City probed over al­leged nepo­tism

Pub­lic pro­tec­tor’s of­fice in­ves­ti­gat­ing

Weekend Argus (Sunday Edition) - - FRONT PAGE - BULELWA PAYI

THE City of Cape Town is be­ing in­ves­ti­gated for al­leged nepo­tism as well as ten­der de­vel­op­ment ir­reg­u­lar­i­ties.

The Of­fice of the Pub­lic Pro­tec­tor has con­firmed it is in­ves­ti­gat­ing the al­le­ga­tions against the city’s Wa­ter and San­i­ta­tion Depart­ment.

In the 2016/17 fi­nan­cial year, more than R35 mil­lion was paid to con­sul­tants de­spite the fact that a needs as­sess­ment for the ten­der was ini­ti­ated only this July.

A se­nior of­fi­cial is at the cen­tre of an in­ves­ti­ga­tion into mal­ad­min­is­tra­tion, waste­ful, fruit­less and ir­reg­u­lar ex­pen­di­ture re­gard­ing the ten­der. The of­fi­cial’s iden­tity is known to Week­end Ar­gus.

The probe comes as the city grap­ples with a se­vere wa­ter short­age af­ter re­ceiv­ing dis­as­ter re­lief aid from the na­tional gov­ern­ment.

Cleo Mosana, spokesper­son for Pub­lic Pro­tec­tor Bu­sisiwe Mkhwe­bane’s of­fice, con­firmed an in­ves­ti­ga­tion was in progress and that it was too early to say how long it would take to com­plete.

The probe would also fo­cus on al­le­ga­tions that cer­tain peo­ple in the Wa­ter and San­i­ta­tion Depart­ment had been hired at a cost of over R1.4m per year with­out meet­ing the bench­mark re­quire­ments of Na­tional Qual­i­fi­ca­tions Frame­work 6 and that they al­legedly had no “ex­ten­sive rel­e­vant man­age­rial ex­pe­ri­ence”.

It was al­leged that the city was pay­ing the con­sul­tants to do the work that was sup­posed to be done by the of­fi­cial.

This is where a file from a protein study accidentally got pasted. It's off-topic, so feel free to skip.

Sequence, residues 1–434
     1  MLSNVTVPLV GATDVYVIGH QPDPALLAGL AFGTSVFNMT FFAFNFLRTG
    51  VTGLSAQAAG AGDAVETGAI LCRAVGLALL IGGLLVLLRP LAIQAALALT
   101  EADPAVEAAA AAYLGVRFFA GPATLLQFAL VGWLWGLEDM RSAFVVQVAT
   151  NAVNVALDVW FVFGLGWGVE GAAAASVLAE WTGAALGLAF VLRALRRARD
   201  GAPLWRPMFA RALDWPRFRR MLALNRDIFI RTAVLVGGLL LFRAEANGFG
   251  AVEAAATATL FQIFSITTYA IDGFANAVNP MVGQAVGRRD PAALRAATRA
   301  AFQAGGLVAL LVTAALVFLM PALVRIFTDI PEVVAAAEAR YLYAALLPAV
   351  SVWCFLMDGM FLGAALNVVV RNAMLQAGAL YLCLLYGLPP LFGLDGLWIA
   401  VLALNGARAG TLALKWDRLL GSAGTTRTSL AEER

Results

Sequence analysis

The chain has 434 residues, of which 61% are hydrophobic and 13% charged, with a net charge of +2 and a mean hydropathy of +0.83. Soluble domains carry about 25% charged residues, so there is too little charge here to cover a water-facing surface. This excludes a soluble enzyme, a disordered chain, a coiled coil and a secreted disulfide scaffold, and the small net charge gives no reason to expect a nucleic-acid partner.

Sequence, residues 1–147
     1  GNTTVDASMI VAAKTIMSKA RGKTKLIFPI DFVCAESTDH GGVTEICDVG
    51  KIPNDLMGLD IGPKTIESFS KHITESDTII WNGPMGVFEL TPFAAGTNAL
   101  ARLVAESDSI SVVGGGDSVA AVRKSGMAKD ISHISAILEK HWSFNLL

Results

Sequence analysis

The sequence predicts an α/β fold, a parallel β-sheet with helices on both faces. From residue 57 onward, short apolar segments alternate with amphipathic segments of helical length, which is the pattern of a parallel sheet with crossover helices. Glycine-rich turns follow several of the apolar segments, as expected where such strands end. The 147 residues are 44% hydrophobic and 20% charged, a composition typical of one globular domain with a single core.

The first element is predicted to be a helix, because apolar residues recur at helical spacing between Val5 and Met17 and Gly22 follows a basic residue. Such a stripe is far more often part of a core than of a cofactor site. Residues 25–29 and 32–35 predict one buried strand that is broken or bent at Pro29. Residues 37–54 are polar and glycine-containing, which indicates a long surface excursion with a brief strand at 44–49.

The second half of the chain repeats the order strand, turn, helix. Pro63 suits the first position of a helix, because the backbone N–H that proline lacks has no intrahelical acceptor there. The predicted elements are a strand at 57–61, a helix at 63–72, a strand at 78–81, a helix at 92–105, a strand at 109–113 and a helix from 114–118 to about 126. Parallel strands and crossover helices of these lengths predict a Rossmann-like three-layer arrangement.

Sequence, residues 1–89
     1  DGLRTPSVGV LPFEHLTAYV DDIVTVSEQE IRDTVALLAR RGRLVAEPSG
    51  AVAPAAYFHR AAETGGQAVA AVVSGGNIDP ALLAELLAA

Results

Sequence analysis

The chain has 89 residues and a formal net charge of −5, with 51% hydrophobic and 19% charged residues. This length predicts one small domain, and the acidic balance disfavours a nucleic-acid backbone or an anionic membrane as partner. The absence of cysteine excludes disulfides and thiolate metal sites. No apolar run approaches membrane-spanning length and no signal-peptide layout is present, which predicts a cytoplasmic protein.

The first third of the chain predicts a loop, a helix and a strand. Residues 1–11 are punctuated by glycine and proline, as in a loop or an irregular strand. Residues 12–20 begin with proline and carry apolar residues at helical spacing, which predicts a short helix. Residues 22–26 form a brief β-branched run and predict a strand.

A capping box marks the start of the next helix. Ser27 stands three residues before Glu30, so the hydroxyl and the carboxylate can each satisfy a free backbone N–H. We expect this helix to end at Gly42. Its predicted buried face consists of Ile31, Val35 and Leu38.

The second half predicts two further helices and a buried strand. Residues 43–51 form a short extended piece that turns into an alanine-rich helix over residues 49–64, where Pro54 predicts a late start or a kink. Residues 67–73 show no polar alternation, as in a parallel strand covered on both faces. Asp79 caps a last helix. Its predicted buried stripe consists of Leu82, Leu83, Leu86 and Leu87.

The City is be­ing probed for al­leged ir­reg­u­lar­i­ties re­gard­ing the ten­der for the con­sul­tants it­self, the scope of which in­cluded the im­ple­men­ta­tion of a in­fra­struc­ture-re­li­a­bil­ity en­gi­neer­ing cen­tre for the city.

It is al­leged the Wa­ter and San­i­ta­tion Depart­ment had its own re­li­a­bil­ity en­gi­neer­ing sec­tion whose man­date was the same as that of the con­sul­tants and there­fore a per­cep­tion was cre­ated that it was “un­der-re­sourced”.

It was claimed that the in­ter­nal struc­ture had staff who were qual­i­fied and ex­pe­ri­enced, but that since the ap­point­ment of the con­sul­tants they­had been side­lined.

De­spite their charg­ing the city ex­or­bi­tant fees on a monthly ba­sis and that may­oral com­mit­tee mem­ber for In­for­mal Set­tle­ments, Wa­ter and En­ergy Xanthea Lim­berg said in a state­ment that the con­sul­tants had been hired on an “as and when re­quired” ba­sis, it has been al­leged that from Fe­bru­ary 2015 to date, they had used the city’s IT in­fra­struc­ture, prime of­fice space, tele­phones and sta­tionery.

The def­i­ni­tion of the ten­der was also be­ing probed as it was de­fined as a term ten­der, which al­lowed flex­i­bil­ity in terms of the con­tract value.

The re­la­tion­ship be­tween the con­sul­tants and cer­tain of­fi­cials in the Wa­ter and San­i­ta­tion Depart­ment was also be­ing in­ves­ti­gated.

It is al­leged that rel­a­tives of one of the man­agers were linked to the con­sult­ing com­pany and a rel­a­tive of one was em­ployed in the depart­ment.

The City of Cape Town’s Priya Reddy said it was aware of the al­le­ga­tions and an in­ter­nal in­ves­ti­ga­tion had been launched. She said she would be able to com­ment only once the probe was con­cluded.

Reddy said the probe fo­cused on “ad­her­ence” to the ten­der award, al­le­ga­tions against cer­tain in­di­vid­u­als with re­gard to re­la­tion­ships and “the per­for­mance against the ten­der”.

Reddy said the city was, how­ever, not aware of the pub­lic pro­tec­tor’s probe.

ANC chief whip in the City of Cape Town metro, Xolani So­tashe, said while he wel­comed the in­ves­ti­ga­tion, it should be ex­tended to other “acts of cor­rup­tion”.

“We had raised these con­cerns at our coun­cil de­bates but these were brushed aside. There is a lot go­ing on and we need to hold the city ac­count­able for clean gov­er­nance. If it claims to be the work­ing for ev­ery­one, then it must show how it de­liv­ered value to or­di­nary ratepay­ers,” So­tashe added.

Bu­sisiwe Mkhwe­bane

Newspapers in English

Newspapers from South Africa

© PressReader. All rights reserved.